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Comic relief, anyone? Also, how about some peach cobbler.
It’s a sunny Saturday in Toronto and the street festivals are back in action, including Jazz Fest — and I simply don’t have the emotional fortitude to wade into the abortion debate. I’ll have another post for you tomorrow with reading recommendations on the headlines from the week, including the overturning of Roe v Wade.
But for today, I’m going to assume that at least some of you could use something lighter, as I certainly could.
I have several offerings.
Here is Tracey Ullman’s classic sketch on wokeness, which a friend recently sent me:
Next: I went to see humorist David Sedaris speak last night to a packed audience at Indigo. (Hooray for in-person events!)
The appearance was classic Sedaris. He started off with a joke about Pride — saying he was coming out as straight, since, with the advent of the term queer, he’d grown tired of being rebranded — and then read a charming essay, from his new collection Happy-Go-Lucky, about his long partnership with artist Hugh Hamrick:
The surprise is that sometimes all it takes is a mutual aversion to overhead lights, or to turning the TV on before 11 p.m.You like to be on time and keep things tidy, the other person’s the same, and the next thing you know thirty years have passed and people are begging you to share your great wisdom. “First off,” I say, “never, under any circumstances, look under the hood of your relationship. It can only lead to trouble.” Counselling, I counsel, is the first step to divorce.
Sedaris proceeded to take questions from the audience, go off-script with commentary on crime in NYC, tell a story about being mauled late at night by a randy homeless woman, and mock a young fan’s poor fashion sense. He then embarked on a marathon book signing, as you would expect. It was all very fun.
I interviewed Sedaris a few years back in Vancouver. We talked about his bizarre hobbies — feeding spiders, cleaning up garbage on the side of the road in England, obsessing over Fitbit steps — and about the years he’d spent doing odd jobs, getting high on crystal meth, drinking coffee in IHOP, and observing American life. I remember laughing a lot.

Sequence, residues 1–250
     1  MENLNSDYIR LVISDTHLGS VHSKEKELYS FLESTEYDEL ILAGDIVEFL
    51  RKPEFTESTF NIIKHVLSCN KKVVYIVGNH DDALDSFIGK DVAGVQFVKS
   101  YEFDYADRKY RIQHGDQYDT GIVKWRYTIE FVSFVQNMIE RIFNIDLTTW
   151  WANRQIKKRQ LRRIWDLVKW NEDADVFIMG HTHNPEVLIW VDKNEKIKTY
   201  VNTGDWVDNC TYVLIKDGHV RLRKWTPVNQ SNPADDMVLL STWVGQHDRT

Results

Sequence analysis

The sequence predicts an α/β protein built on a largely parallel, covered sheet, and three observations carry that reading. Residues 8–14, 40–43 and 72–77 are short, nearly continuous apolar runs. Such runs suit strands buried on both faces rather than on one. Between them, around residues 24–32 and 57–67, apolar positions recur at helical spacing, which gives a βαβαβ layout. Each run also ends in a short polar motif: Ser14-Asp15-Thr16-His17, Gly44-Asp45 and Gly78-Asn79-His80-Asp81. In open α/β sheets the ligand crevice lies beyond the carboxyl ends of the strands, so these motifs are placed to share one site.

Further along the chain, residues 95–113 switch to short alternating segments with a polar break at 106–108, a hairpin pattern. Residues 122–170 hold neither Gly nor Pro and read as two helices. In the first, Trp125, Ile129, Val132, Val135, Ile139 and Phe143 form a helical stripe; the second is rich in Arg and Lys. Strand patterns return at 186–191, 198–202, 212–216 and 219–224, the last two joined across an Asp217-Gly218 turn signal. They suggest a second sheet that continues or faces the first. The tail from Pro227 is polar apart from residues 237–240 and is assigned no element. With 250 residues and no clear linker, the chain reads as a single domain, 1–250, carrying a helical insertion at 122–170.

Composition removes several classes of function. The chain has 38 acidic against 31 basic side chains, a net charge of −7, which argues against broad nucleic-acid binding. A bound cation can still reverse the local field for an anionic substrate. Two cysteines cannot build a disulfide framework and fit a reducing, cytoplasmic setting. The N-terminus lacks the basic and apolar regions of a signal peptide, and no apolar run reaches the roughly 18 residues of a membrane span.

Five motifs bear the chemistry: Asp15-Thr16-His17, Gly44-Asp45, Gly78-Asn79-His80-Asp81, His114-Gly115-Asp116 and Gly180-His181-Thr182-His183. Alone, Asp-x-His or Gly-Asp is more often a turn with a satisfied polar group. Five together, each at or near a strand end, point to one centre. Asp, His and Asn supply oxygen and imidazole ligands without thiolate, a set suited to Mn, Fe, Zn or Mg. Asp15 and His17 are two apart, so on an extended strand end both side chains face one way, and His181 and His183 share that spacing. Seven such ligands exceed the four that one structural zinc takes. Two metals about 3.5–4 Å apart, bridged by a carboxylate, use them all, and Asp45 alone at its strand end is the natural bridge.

A week or so later, he sent me a postcard making fun of the ripped jeans I’d been wearing when we’d met, which made me laugh all over again.
This week, after I ran this piece on the implosion of the food world, I got a request for my peach cobbler recipe. I am happy to oblige.
Easy Peach Cobbler
This recipe is originally from Gourmet, so I can’t take credit for it. It really is a shame that the magazine folded, as its recipes were outstanding. I could say all sorts of things here about the decline of print media, and my sadness about that, but you have probably already guessed that I’m a bit of a Luddite. Which is to say: I would get rid of my cell phone if I could. Then friends would have to come and knock on my door if they had something to tell me. Which wouldn’t be bad at all. I generally have coffee brewing, and cookies on offer, and I’m usually up for a good gab.
To get your old school Gourmet fix, you can read Ruth Reichl’s mouth-watering Substack here.
Now, to the peaches…
• 6 large peaches, cut into thin wedges
• 1/4 cup sugar
• 1 tablespoon fresh lemon juice
• 1 teaspoon cornstarch
For biscuit topping:
• 1 cup all-purpose flour
• 1/2 cup sugar
• 1 teaspoon baking powder
• 1/2 teaspoon salt
• 3/4 stick cold unsalted butter, cut into small pieces
• 1/4 cup boiling water
1. First, cook the peaches. Preheat oven to 425°F. Toss peaches with sugar, lemon juice, and cornstarch in a 2-qt. nonreactive baking dish and bake in middle of oven for 10 minutes.
2. Make topping while peaches bake. Stir together flour, sugar, baking powder, and salt. Blend in butter with your fingertips or a pastry blender until mixture resembles coarse meal. Stir in water until just combined.
3. Remove peaches from oven and drop spoonfuls of topping over them. Bake in middle of oven until topping is golden, about 25 minutes. Topping will spread as it bakes.
This is one of the easiest desserts I have ever made, and certainly among the most satisfying. It’s best savoured on a breezy balcony at dusk, gazing out at the glimmering lights of the city of Toronto, with the Fugees playing in the background.
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